Forest Investment Account (FIA) - Forest Science Program
FIA Project Y092078

    Modelling the impacts of silvicultural treatments on the wood quality of interior spruce
Project lead: Goudie, James (Ministry of Forests and Range)
Author: Goudie, James W.
Subject: Forest Investment Account (FIA), British Columbia
Series: Forest Investment Account (FIA) - Forest Science Program
Interior spruce (Sx) accounted for over 20% of the total volume harvested in British Columbia in the period April 2004to March 2005; this amount was second only to lodgepole pine (55%). As the catastrophic effects of the current mountain pine beetle (MPB) outbreak unfold, the areas managed for spruce will no doubt expand greatly to help diversify interior forests and stabilize timber supplies. The Forest For Tomorrow (FFT) program will provide substantial investment dollars to offset the short and long-term effects of the MPB epidemic through the establishment of new stands and the management of advanced regeneration. There is concern among experts, however, that the quality of the wood from these post-harvest and post-beetle stands could be substantially lower than historical levels if the management of second growth stands is not conducted with up-to-date information (Pollack et al., 1992; Middleton and Munro, 2002). Wood quality research is a high priority in the current Forest Science Program (FSP) call for proposals.

Stand density management can control important tree, log and fibre characteristics. For Sx, we do not know which silviculture regimes will generate the best wood at the lowest cost. Previous work in coastal Douglas-fir (Mitchell and Polsson, 1993), lodgepole pine (Middleton et al., 1995; Mansfield et al., in press) and coastal western hemlock (Goudie 2003) indicated that crown structure influences wood quality (density, strength and stiffness, and tracheid characteristics). We plan to test this hypothesis for Sx in the central and northern interior of BC. Middleton and Munro (2002) conducted descriptive research into the current resource of interior spruce and showed that rapid growth reduces relative density, suggesting that wide spacing may reduce wood quality for some products. Furthermore, we cannot predict if silviculture treatments that promote rapid growth have positive or negative impacts on non-timber values such as wildlife habitat. The Tree and Stand Simulator (TASS) allows us to build models of stand development that may be used to predict both timber and non-timber responses to treatment. We propose to develop models to predict wood quantity and quality of managed interior spruce under different silvicultural strategies.

This will be achieved by:
1. collecting new information on tree growth, yield, wood quality, and value;
2. fitting relationships to predict the quantity and quality of wood that can be used in computer models;
3. building on the TASS modeling framework developed by the MOF, by specifically adding data on interior spruce.

Our strategy to complete this project contains three elements:
1. We will build on existing work where possible. Several components needed to complete this project have been developed by other agencies. For example, the TASS model will provide the basis for the prediction method for this project. This model has been developed over the last 40 years with support from the MOF, FRBC, FIA, and other agencies.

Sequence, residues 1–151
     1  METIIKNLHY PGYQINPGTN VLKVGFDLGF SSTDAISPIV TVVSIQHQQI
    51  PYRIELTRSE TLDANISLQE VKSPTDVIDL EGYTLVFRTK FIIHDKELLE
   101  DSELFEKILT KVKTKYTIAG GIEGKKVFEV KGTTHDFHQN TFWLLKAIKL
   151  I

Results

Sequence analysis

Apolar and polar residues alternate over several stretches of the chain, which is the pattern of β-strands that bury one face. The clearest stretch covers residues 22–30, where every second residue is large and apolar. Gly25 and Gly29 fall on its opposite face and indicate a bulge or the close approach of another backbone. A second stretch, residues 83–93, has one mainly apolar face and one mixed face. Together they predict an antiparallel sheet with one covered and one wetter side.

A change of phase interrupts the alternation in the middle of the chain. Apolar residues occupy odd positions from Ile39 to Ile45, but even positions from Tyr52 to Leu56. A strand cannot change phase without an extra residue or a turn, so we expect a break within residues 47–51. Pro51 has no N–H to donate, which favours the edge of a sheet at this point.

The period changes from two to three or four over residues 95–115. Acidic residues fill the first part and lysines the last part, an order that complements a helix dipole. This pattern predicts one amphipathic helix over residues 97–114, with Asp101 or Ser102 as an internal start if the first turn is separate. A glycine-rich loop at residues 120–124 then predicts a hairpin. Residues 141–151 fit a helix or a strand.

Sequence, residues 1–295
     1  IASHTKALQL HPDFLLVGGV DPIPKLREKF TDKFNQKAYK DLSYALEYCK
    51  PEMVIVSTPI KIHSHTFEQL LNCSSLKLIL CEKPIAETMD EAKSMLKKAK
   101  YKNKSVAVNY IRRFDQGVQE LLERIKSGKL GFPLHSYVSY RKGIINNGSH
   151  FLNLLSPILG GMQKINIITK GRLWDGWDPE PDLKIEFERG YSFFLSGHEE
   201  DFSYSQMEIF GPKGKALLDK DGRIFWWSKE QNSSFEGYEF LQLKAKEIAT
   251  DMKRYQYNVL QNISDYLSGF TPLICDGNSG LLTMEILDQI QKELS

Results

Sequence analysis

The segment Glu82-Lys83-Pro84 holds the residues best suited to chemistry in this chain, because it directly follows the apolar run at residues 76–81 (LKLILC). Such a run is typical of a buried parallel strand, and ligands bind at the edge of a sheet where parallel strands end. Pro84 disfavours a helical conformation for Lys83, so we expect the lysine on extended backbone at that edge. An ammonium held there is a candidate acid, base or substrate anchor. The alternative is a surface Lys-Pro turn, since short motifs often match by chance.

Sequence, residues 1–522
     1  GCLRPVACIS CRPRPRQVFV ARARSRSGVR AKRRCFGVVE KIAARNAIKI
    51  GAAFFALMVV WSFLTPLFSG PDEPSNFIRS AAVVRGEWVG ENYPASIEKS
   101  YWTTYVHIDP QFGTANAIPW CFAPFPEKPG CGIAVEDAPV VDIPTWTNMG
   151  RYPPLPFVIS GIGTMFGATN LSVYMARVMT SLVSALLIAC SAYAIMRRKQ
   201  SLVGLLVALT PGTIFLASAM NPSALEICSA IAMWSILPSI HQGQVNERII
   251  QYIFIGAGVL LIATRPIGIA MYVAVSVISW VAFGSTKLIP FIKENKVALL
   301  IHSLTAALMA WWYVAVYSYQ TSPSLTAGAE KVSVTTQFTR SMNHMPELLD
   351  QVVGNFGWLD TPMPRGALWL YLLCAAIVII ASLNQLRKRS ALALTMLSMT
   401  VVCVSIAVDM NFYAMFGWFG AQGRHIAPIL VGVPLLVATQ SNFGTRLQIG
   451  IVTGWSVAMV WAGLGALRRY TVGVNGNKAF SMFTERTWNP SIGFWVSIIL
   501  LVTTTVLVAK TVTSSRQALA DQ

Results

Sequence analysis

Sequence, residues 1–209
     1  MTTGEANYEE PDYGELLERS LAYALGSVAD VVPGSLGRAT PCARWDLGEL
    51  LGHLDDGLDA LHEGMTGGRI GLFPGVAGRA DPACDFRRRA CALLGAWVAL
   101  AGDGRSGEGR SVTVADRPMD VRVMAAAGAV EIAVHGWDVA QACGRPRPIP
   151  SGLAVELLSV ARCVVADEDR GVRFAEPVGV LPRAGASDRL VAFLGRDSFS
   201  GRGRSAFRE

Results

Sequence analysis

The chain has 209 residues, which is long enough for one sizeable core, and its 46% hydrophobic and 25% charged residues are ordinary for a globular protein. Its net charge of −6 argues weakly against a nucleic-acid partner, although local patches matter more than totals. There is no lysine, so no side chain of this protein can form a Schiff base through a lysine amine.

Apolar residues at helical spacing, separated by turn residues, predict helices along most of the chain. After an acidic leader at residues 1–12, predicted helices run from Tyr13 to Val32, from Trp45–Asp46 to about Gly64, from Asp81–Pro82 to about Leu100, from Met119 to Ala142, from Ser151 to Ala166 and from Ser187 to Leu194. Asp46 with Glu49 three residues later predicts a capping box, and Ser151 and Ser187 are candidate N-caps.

2. We will collect new information where needed to fill important knowledge gaps. This includes basic crown and wood quality attributes, and growth rates of Sx trees in central interior locations.
3. We have formed a team of stakeholders and agencies that can help us develop the tools to complete this project. The information from this project could have significant impacts on the strategies used to regenerate future forests in the BC interior.

Literature cited:
Goudie, J.W. 2004. Modelling the impact of silvicultural activities on the wood characteristics of coastal western hemlock in British Columbia. pp. 528-536. In Fourth Workshop on the connection between silviculture and wood quality through modelling approaches and simulation software Edited by Gerard Nepveu. INRA, Nancy, France.
Mansfield, S.D., Parish, R., Goudie, J.W., Kang, K.-Y. and Ott, P. (in press). The effects of crown ratio on the transition from juvenile to mature wood production in lodgepole pine in western. Canada. Can. J. For. Res.
Middleton, G.R., Jozsa, L.A., Palka, L.C., Munro, B.D., and Sen, P. 1995. Lodgepole pine product yields related to differences in stand density. Forintek Can. Corp. Western Lab Special Publ. No. SP-35. Vancouver, B.C.
Middleton, G.R. and Munro, B.D. 2001. Second-growth western hemlock product yields and attributes related to stand density. Forintek Can. Corp. Forintek Can. Corp. Western Lab Special Publ. SP-41. Vancouver, B.C.
Middleton, G.R. and Munro, B.D. 2002. Wood density of Alberta white spruce - Implications for silvicultural practices. Forintek Can. Corp. Final report on Contract MDFP2700-01. Vancouver, B.C.
Mitchell, K.J. and Polsson, K.R. 1993. SYLVER: A decision-support system for silviculture. In Les modeles de croissanceforestiere et leurs utilisations = Forest growth models and their uses Edited by Chhun-Huor Ung. Natural Resources Canada, CFS, Sainte-Foy, Quebec pp. 34-44.
Pollack, J.C., Johnstone, W.D., Coates, K.D., and LePage, P. 1992. The influence of initial espacement on the growth of a 32-year-old white spruce plantation. BC Min. For., Res. Br., Res. Note 111. Victoria, BC.
Related projects:  FSP_Y081078FSP_Y103078

Executive summary (72Kb)

Updated August 16, 2010 

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